We are lucky if we have ghosts, I’ve written in a poem. Mothers, fathers, old loves, the aroma of espresso and baking bread. Our own voices combine with the voices of those who’ve helped to form us, urging us on in the dark to be what they have imagined we could be: like the ghosts of Dr. Aden, Mr. Lancaster, that geology-lab partner who taught me to look at details, the Professors Sutton in France, and the view of a farmhouse across a yellow field that pointed me toward a life of art. These are my good ghosts.

Blue Kayak on a Silver Truck

Kayak #3Fells Point HomesFells Point with KayakI finally met a friend of mine—whose truck I’ve been photographing for a year. A blue kayak sits bound to the roof of his silver Tahoe. Sometimes I find it in front of a blue door, sometimes across the cobblestone street in front of the red door, usually on Fell Street, occasionally on South Ann or even Wolfe, depending upon traffic so near Thames where tourists and tavern-hoppers cruise for a parking spot. But he’s clearly a resident, and I’ve bet on the blue door, deeper blue than the hopeful sky –blue kayak—deeper, more anchored for the spirit of a man who still keeps a wild-river rapid in a safe place in his mind.

I have snapped it in snow, in the steely sun of winter, in the season that at last brought out geraniums potted with potato vine spilling over rowhouse railings, although his house—I’ve thought it was his house—has no railing, only two steps to raise its main room above the level of land and harbor—just an honest door, a step up to enter, against an old harbor home rising three floors. Honest like the truck with tis kayak on its sleeve, like love and hope and yearning and keeping.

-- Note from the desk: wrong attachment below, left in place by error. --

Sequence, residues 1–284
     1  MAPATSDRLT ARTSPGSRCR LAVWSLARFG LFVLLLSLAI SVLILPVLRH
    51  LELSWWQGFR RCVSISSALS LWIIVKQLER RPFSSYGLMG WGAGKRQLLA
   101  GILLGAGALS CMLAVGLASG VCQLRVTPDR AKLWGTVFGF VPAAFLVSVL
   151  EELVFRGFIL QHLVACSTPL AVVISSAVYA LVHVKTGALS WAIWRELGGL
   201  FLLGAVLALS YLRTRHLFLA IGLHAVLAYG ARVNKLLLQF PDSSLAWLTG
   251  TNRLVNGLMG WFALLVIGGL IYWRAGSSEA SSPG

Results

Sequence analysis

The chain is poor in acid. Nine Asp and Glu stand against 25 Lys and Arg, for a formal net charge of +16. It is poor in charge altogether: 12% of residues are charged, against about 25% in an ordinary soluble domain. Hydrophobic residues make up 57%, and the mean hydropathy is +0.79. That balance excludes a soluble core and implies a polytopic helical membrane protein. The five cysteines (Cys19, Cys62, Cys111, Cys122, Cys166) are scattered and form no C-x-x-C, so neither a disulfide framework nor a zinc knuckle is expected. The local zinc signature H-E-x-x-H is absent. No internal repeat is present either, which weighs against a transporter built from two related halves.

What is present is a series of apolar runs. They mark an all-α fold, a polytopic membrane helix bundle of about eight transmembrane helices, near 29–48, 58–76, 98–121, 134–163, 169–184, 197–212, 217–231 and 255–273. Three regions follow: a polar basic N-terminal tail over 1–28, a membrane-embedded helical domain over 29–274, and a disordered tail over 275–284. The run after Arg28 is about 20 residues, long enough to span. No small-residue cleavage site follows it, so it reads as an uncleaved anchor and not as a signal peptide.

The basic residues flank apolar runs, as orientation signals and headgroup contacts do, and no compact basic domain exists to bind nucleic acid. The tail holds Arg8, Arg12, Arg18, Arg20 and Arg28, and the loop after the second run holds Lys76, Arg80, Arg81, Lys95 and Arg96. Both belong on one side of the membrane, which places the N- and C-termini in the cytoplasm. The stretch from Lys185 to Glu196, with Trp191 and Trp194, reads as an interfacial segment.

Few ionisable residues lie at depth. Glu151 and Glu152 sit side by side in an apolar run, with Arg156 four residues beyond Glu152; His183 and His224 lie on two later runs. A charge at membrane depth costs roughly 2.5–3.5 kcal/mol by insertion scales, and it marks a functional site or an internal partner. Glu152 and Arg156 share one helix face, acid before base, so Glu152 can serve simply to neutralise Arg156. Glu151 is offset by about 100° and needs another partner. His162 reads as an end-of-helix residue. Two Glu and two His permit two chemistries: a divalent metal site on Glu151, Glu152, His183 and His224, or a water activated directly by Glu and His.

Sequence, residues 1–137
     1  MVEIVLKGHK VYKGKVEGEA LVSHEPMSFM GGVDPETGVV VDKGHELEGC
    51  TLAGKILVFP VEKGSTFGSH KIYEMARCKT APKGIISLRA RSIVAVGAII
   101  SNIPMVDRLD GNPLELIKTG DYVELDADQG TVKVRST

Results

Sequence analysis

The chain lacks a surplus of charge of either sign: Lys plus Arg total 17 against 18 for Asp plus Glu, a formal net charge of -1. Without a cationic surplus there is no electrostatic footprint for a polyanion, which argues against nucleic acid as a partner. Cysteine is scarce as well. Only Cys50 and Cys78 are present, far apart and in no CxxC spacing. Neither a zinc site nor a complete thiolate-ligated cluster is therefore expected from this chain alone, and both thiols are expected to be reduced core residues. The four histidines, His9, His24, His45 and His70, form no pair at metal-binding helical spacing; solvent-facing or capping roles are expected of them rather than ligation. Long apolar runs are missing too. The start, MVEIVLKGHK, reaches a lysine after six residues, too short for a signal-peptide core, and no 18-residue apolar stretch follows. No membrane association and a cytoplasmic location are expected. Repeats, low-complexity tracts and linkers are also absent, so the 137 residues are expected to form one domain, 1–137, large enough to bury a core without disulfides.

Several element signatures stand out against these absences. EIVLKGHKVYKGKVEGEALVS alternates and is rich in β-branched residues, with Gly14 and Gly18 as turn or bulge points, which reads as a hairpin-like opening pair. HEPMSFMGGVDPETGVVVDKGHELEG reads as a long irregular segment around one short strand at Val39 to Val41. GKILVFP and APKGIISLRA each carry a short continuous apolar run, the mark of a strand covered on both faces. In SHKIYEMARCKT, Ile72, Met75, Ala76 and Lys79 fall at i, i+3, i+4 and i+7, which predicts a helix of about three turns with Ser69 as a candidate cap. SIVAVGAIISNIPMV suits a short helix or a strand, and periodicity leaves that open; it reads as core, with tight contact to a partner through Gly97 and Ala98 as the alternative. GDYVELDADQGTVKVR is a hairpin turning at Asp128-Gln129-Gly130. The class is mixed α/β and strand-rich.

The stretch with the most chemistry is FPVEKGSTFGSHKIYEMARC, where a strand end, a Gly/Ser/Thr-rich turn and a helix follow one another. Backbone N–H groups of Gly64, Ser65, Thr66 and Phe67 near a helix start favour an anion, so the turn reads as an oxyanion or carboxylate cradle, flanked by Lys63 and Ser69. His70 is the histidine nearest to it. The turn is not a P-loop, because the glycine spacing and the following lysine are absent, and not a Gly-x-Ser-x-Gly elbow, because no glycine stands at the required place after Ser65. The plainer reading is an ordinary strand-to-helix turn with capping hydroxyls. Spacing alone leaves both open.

His name is Van, a vagabond’s name, in a way, I thought, smiling when he told me. Children ready for a birthday party were spilling out of the silver truck; they had crazy hats on their heads, some having become pirates, some firemen, some outright princesses. He was corralling them, a little flustered, and I parted the sea of them and stuck out my hand and told him I’d known him for a year, though he didn’t know me, and that my affection for his truck and his kayak (transferred of course to the ghost-owner of these) had led to a series of photographs at every season. He seemed not to mind, seemed shifted a little, there in the midst of his duties with the small children, and we exchanged first names, and I crossed the street in front of his truck and blue kayak and wandered home on down Fell Street toward the sun and wind of the harbor’s rim.

The Oyster House

Oyster House
Thursday Lunch
The Oyster House

The Oyster House is one of the best restaurants on Thames Street in Fells Point. It’s more pub in appearance than restaurant, but its reputation for quality seafood makes it iconic among all the places to eat in this waterfront neighborhood. We pull up to the bar for lunch with a visiting friend. Behind us are high-top tables scrunched along the wall in the narrow room. In the back a square room opens up to make space for a number of white-cloth tables and chairs, but there is no room in the inn today except at the bar with its elbow-to-elbow seating. At noon the place is as loud and boisterous as on a Friday night: noisy, unruly, a scene in motion, people leaning across small tables and talking loud enough to be heard over the roar of dozens of other conversations and the clatters of service.